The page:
How long will my retirement savings last?
When planning your retirement, the lifestyle you want to achieve is an important consideration and a starting point for setting your long-term wealth creation plans.
The sum of money that you can accumulate during your working life will drive how much income you can generate in retirement. This obviously then affects your lifestyle options, especially as you may have limited opportunities to ‘top up’ your capital after you have retired. Getting it right before you retire is important.
The impact of life expectancy
Changes in health care and medical treatment have contributed to longer life expectancies and evidence suggests that this trend may continue. Retirement could reasonably span a period of 30 years or more, so the possibility that some of us may outlive our savings is not at all unrealistic.
To set your retirement plans start by thinking about your potential life expectancy. Average life expectancy tables can give you a starting point, but you then need to consider how your own health situation or family history will affect your expectations. The following table shows the average life expectancy rates for men and women between the ages of 55 and 70 years.
Table 1 – Life expectancy rates
Source. Australian Life Tables 2010-12
It is also important to understand these numbers are averages. So on average, 50% of people should expect to live longer than the numbers shown.
The duration of retirement savings
The next step is to then think about how many years your retirement savings might last and whether this is long enough.
The table below illustrates, for any particular amount of retirement savings, how long the money might last assuming a constant annual drawdown amount based on a percentage of starting balance (left hand axis) and a constant annual earning rate net of taxes and fees (top axis).
Table 2 – How long before my savings run out?
|Effective Earning Rate %||1||2||3||4||5||6||7||8||9||10|
For example, let’s assume Bill has accumulated savings of $200,000 when he retires at age 65. If he withdraws 10% of the starting balance each year (ie $20,000) (along vertical axis) and earns a net return of 4% each year (along horizontal axis) he can expect to run out of money early in the 13th year. Even if Bill earns 6%, the money is expected to be fully depleted during the 15th year.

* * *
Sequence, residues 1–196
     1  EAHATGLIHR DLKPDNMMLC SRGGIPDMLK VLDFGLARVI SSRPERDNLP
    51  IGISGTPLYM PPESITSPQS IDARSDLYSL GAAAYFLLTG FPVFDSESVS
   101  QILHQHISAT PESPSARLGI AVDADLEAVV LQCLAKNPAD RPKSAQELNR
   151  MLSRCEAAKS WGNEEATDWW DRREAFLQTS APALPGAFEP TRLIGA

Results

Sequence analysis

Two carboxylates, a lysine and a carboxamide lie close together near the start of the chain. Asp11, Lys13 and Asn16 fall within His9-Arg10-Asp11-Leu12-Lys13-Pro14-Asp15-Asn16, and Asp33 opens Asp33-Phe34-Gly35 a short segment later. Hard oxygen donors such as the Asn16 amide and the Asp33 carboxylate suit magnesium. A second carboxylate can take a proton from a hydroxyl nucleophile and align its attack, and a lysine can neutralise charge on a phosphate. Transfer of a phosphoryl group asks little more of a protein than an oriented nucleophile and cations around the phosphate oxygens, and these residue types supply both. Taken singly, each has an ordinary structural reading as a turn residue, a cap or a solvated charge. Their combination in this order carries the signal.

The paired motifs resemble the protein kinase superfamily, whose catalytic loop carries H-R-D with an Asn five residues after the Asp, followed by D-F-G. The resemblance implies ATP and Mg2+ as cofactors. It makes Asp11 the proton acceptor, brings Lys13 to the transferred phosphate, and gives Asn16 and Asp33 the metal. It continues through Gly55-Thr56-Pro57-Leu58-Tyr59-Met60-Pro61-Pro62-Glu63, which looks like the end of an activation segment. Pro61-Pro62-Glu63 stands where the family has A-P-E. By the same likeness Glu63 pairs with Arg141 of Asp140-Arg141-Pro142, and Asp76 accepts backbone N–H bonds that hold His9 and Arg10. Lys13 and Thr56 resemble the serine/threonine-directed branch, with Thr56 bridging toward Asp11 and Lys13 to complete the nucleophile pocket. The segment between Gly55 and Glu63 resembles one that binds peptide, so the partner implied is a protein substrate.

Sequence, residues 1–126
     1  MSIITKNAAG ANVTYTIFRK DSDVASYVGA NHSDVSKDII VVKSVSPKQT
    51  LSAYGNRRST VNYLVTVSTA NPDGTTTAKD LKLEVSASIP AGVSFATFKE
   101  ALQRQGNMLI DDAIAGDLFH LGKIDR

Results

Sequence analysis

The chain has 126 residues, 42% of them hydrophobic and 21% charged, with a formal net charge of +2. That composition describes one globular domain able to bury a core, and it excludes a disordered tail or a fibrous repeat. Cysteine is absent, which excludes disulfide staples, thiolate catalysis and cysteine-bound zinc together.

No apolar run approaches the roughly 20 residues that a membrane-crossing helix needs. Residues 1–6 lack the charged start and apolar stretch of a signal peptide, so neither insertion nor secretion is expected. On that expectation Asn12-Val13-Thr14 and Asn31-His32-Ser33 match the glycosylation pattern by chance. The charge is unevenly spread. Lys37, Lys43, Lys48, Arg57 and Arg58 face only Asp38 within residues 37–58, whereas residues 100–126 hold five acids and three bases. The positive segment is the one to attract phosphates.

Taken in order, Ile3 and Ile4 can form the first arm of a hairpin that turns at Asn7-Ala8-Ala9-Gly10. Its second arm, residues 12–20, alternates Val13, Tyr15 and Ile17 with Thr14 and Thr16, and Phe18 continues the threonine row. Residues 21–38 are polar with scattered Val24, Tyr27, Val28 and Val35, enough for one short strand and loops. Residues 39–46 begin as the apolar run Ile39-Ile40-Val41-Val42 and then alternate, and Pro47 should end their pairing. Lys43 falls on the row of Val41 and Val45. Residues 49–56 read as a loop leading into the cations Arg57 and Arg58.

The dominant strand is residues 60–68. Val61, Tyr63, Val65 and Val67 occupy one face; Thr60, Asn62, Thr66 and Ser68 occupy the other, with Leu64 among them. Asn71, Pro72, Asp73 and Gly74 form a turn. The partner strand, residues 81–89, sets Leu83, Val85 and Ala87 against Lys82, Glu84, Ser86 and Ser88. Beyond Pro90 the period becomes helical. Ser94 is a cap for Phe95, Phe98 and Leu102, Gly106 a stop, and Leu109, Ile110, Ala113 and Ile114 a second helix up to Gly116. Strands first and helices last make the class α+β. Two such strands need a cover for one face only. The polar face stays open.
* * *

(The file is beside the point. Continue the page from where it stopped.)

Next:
Using this analysis, a 65-year male who has a life expectancy of 18.54 years (as shown in Table 1), will require an effective earning rate of at least 6.51% percent to have sufficient funds to cover his statistical life expectancy. But if he lives longer, he will run out of savings.
This analysis does not take into account price inflation nor does it take into varying income needs or volatile investment performance and variable earnings. These factors could cause the money to run out even earlier.
Clearly, having more money to start with is the desirable retirement strategy but a good strategic plan and regular monitoring and review of your outcomes against this plan (both before and after retirement) are also important.
How does asset allocation affect duration?
Table 2 above shows the outcomes for effective earning rates ranging from 1% – 10%. The higher the earnings rate, the longer your money could potentially last, so asset allocation can have an important impact on the duration of your retirement savings.
Picking an appropriate asset allocation is the next important step and requires consideration of your tolerance for risk as well as your need to generate a desired rate of return. For example, if you aim to generate returns of 5% – 6% per annum you need to choose an allocation that has the potential to produce this return and may need to take on some investment risk.
This information is, of course, general in nature and it is important to seek specific retirement planning advice to comprehensively address issues of risk, return and volatility.
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Information current as at April 2018 and may contain material provided by third parties derived from sources believed to be accurate at its issue date. While such material is published with necessary permission, no company in the Westpac Group accepts any responsibility for the accuracy or completeness of, or endorses any such material. Except where contrary to law, we intend by this notice to exclude liability for this material. This information is general information only, it does not constitute any recommendation or advice; it has been prepared without taking into account your personal objectives, financial situation or needs and you should consider its appropriateness with regard to these factors before acting on it. Any taxation position described is a general statement and should only be used as a guide. It does not constitute tax advice and is based on current tax laws and our interpretation. Your individual situation may differ and you should seek independent professional tax advice. You should also consider obtaining personalised advice from a professional financial adviser before making any financial decisions in relation to the matters discussed hereto.